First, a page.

President Biden has declared that cyber threats are a critical challenge for Western security. Here’s how to operationalize a response.
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President-Elect Joe Biden’s transition team has declared cyber threats as “one of the defining challenges of our time.” In its early days, the incoming U.S. administration must take on cybersecurity threats as one of its key priorities. Nowhere will that effort be more important than with the United States’ closest allies at NATO, a cornerstone of Western security. Today, NATO’s security is threatened by Russia’s and China’s continuous cyberattacks on the Alliance and its members. To accomplish its mission of deterrence and defense, NATO needs to implement a strategy of proactive, continuous responses to China and Russia in cyberspace, where great power competition is playing out in real time.
Russia and China challenge NATO and its members in cyberspace on a daily basis, as part of ongoing hybrid campaigns to undermine the transatlantic community. The Kremlin’s actions have involved intruding into allies’ critical infrastructure, manipulating allies’ elections through hacks and disinformation, and even blocking GPS information critical to NATO activities. The Chinese government has engaged in cyber espionage against allies’ military capabilities; intellectual property theft related to sensitive technologies, industries, and infrastructure; and disinformation against transatlantic countries, including around the coronavirus. These efforts to weaken NATO countries and Alliance cohesion represent a persistent threat to Allied security.
NATO has recognized the collective dangers of these hybrid attacks in cyberspace. Up to this point, however, the Alliance has taken a reactive approach, responding as if Russian and Chinese cyber attacks are isolated incidents. But because Russian and Chinese cyber efforts are part of continuous campaigns directed at the overall capability of the Alliance, NATO’s response has been insufficient, failing to reduce or dissuade further attacks. To assure the security of its members going forward, NATO needs its own continuous response campaign to these threats.
President-elect Biden and his team have pledged to renew US leadership in cooperation with allies and partners. That agenda should start at NATO, and a key focus should be on cybersecurity. In early NATO meetings, the Biden administration should champion a cybersecurity continuous-response campaign, built around three key actions.
First, NATO should require the development and implementation of a resilient cybersecurity architecture for itself, its members’ forces, and its key critical infrastructure. A resilient cybersecurity architecture involves an integrated set of capabilities that work as a system to reduce the disruptive effects of cyber adversaries. Key elements of a resilient architecture should include the use of private-sector cloud technology; zero-trust architecture for effective access management; development of secure hardware capabilities; and machine-learning and artificial-intelligence-augmented cyber defenses. This architecture also needs to be flexible to incorporate emerging technologies as they are developed.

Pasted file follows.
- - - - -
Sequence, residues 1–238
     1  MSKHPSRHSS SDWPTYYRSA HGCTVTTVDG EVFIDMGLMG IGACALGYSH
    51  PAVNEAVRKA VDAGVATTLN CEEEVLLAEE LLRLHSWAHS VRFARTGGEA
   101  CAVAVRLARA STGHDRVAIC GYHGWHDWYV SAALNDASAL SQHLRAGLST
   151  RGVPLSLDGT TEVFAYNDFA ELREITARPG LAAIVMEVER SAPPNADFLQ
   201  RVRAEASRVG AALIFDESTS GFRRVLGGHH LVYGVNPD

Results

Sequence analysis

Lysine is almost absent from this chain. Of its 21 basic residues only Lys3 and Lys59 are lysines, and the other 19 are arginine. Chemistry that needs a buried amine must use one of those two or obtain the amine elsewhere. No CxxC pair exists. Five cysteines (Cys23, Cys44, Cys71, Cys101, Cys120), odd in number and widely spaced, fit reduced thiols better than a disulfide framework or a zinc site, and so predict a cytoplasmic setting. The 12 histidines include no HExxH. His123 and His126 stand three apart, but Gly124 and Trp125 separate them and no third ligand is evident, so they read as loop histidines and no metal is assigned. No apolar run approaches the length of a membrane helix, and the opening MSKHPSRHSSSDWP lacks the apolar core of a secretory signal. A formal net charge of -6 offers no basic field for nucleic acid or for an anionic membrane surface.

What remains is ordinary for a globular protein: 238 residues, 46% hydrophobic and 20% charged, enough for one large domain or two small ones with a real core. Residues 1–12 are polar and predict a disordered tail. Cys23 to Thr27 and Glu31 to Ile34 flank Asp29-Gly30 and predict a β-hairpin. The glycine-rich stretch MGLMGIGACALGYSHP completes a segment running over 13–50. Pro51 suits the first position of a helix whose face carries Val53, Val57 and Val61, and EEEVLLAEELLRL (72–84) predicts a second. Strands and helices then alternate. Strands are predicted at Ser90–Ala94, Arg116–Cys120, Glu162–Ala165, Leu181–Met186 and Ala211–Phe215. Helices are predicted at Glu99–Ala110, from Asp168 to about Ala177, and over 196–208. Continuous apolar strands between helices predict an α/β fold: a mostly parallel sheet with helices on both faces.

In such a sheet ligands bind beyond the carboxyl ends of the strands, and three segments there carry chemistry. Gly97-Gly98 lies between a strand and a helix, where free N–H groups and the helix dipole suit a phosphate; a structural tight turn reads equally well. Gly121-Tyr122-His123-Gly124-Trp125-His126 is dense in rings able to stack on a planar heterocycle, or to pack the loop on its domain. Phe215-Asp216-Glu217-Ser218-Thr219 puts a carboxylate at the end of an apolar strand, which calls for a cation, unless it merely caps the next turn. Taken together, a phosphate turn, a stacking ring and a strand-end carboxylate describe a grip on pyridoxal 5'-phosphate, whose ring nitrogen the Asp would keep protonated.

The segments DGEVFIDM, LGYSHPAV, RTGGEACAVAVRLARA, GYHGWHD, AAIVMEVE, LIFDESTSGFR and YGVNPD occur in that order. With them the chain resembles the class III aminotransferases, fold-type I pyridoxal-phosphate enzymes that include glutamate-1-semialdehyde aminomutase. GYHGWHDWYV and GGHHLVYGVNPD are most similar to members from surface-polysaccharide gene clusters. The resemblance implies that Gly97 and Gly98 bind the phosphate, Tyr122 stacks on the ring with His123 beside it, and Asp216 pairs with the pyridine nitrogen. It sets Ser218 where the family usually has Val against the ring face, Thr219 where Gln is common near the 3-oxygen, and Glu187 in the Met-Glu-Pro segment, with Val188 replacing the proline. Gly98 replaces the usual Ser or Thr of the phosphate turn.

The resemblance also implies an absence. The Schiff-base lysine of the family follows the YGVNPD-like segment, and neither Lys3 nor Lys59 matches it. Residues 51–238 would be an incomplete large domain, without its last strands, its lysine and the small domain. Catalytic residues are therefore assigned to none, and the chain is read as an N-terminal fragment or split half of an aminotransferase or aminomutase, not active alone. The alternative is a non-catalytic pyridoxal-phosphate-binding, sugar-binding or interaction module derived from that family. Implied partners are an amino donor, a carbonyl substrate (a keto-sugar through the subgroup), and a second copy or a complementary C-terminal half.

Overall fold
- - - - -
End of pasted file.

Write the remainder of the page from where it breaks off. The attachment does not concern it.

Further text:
NATO itself cannot develop such an architecture. It can, however, require its members to do so, using the NATO Defense Planning Process (NDPP), acquisition procedures, standards and targets, and innovation from Allied Command Transformation to support a comprehensive research and development effort. In establishing requirements for these resilient architectures, NATO must recognize that one size will not fit all. Not only will requirements differ among military, government, and critical infrastructure operators, but, as has been shown in the development of autonomous vehicles and space capabilities, there are a variety of different approaches that may prove effective. In fact, having diversity within these capabilities will increase resilience by complicating adversaries’ abilities to infiltrate and attack them.
Second, NATO, in coordination with its members, should undertake active cyber defense. Even the best exclusionary capabilities in a cybersecurity resilient architecture can fail due to technical loopholes or human error. As a result, the Alliance needs “active cyber defenses” that can create resilience even when an attacker has breached cyber protections. These capabilities affect only those networks in which operators and owners have installed them and are not for offensive purposes. As the US National Security Agency explains, key elements of active defense capacities include “real-time communications, . . . sensors that report data on the current state of the network, sense-making analytics to understand the current state, automated decision-making to decide how to react to current state information, and capabilities to act on those decisions to defend the network.” NATO should include such active defense capabilities as a requirement of an overall resilient cybersecurity architecture.